We invite legislators, staff, and other interested persons to join us for an interactive briefing on an emerging biotechnology in agriculture – gene editing. Christopher Willig, Ph.D. Candidate in the University of Missouri Division of Plant Sciences will give a presentation titled:
“Genetic scissors with an address: How crop developers are using gene editing to transform agriculture and improve the food supply.“
Tuesday, January 28th | 3:00-4:00 PM
House Hearing Room 2, Missouri Statehouse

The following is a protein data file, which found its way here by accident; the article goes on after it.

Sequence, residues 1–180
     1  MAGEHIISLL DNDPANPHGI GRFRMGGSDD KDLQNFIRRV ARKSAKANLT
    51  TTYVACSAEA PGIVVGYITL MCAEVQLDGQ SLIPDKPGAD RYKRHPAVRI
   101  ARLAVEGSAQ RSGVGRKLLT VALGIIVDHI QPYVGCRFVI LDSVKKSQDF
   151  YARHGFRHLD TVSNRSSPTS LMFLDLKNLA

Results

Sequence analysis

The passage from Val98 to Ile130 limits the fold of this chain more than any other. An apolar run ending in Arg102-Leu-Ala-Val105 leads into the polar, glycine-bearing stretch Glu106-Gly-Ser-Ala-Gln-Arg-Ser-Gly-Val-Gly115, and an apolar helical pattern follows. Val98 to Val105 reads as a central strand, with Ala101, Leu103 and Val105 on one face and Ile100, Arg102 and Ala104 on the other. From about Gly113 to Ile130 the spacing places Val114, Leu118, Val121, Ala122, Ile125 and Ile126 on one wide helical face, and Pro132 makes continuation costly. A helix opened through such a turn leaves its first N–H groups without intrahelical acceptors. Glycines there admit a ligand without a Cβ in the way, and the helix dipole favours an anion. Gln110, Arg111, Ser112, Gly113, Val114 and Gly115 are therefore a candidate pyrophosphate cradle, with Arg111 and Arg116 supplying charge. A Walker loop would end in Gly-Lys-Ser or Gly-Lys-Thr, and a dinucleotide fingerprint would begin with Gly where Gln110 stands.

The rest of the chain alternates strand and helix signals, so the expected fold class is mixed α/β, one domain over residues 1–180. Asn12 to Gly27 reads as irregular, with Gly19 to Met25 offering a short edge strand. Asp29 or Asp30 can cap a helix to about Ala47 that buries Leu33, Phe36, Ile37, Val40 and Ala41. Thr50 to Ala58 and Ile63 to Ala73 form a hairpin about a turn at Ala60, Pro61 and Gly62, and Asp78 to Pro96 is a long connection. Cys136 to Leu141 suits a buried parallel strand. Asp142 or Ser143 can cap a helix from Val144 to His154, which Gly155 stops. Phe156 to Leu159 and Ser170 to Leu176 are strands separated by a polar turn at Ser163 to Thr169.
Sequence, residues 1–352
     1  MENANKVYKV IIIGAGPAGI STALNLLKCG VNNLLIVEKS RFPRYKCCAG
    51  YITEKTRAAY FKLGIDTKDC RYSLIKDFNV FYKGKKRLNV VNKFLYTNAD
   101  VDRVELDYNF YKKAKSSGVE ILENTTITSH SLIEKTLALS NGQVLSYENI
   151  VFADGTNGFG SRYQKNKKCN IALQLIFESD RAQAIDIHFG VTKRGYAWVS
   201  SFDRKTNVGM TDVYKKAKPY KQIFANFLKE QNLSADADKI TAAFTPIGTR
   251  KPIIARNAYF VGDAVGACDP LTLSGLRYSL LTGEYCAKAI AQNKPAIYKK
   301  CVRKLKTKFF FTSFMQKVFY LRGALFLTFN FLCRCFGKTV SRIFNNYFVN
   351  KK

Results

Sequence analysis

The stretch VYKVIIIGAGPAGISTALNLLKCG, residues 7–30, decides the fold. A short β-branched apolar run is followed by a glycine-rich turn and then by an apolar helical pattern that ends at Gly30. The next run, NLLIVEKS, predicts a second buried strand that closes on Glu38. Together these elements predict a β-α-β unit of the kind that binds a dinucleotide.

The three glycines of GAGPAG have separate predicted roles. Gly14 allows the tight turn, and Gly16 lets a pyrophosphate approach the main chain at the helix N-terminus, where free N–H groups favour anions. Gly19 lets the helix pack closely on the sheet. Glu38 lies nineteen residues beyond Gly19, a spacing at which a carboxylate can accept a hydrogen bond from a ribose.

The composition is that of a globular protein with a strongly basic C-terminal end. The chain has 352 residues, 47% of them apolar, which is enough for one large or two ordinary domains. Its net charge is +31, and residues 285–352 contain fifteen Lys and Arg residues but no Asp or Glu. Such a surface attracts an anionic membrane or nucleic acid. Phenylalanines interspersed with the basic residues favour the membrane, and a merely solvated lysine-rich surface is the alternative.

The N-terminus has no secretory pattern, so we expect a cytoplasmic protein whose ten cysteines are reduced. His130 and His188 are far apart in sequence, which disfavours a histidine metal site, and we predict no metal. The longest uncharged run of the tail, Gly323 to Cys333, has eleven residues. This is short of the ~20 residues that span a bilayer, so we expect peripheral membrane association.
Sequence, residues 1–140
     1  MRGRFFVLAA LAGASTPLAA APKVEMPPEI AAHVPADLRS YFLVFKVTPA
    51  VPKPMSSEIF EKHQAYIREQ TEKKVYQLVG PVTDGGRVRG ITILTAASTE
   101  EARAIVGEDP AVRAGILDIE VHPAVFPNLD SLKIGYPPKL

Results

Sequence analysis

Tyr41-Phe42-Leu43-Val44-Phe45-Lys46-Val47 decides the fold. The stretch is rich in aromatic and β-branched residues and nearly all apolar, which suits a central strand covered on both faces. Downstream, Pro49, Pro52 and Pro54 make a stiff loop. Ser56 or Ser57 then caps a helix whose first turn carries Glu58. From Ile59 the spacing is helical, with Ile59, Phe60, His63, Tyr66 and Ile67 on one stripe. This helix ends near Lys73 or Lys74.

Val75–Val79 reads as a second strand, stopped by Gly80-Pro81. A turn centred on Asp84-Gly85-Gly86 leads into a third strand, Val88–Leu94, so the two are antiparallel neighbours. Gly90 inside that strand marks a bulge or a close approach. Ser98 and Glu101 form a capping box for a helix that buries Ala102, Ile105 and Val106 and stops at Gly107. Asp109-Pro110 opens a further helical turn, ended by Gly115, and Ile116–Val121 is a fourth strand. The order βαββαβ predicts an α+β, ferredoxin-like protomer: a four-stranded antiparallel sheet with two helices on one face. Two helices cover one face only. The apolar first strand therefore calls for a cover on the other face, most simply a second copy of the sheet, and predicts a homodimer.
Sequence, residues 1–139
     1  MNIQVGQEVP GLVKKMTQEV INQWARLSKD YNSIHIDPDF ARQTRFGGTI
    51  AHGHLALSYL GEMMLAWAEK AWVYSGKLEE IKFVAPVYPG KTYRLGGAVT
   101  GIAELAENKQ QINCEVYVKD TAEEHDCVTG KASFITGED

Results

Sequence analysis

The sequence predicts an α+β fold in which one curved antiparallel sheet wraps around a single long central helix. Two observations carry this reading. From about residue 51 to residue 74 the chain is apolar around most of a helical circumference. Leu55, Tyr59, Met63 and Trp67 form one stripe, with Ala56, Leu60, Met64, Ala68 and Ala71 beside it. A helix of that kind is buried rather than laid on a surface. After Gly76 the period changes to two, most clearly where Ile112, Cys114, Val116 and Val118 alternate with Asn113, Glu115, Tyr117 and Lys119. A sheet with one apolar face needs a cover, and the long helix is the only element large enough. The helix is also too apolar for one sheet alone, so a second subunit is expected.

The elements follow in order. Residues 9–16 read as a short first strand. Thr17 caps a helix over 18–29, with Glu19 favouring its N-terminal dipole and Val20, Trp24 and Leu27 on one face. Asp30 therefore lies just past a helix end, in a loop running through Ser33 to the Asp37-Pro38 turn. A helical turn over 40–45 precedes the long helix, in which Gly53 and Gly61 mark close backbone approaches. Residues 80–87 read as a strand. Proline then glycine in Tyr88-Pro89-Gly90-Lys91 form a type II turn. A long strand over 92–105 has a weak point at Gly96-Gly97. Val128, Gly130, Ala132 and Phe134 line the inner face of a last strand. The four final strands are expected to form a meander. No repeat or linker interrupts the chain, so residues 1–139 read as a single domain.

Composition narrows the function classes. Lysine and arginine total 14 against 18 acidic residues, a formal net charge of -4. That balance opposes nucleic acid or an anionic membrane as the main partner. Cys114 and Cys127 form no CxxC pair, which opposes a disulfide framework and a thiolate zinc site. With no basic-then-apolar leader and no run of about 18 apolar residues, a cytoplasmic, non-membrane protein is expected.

Over the last few years, a technique called gene editing has revolutionized the science of studying genetics due to the development of an easy-to-use editing tool called CRISPR. CRISPR gives humans a way to make changes to the DNA code of plants, animals, and microbes to alter their traits in a much more precise way than has been possible using older genetic tools. This unprecedented capability for modifying genes has wide-ranging applications for improving the well-being of humans, particularly in the field of medicine. However, in this discussion we will focus on the impact that gene editing (using CRISPR and other tools) is having on food and agriculture. We’ll cover why CRISPR is such a major innovation, the basics of how it works, and the current landscape of applied plant gene editing in both the public and private sectors by discussing specific cases where it’s been used to make major changes to traits in ways that benefit farmers, consumers, and the public as a whole.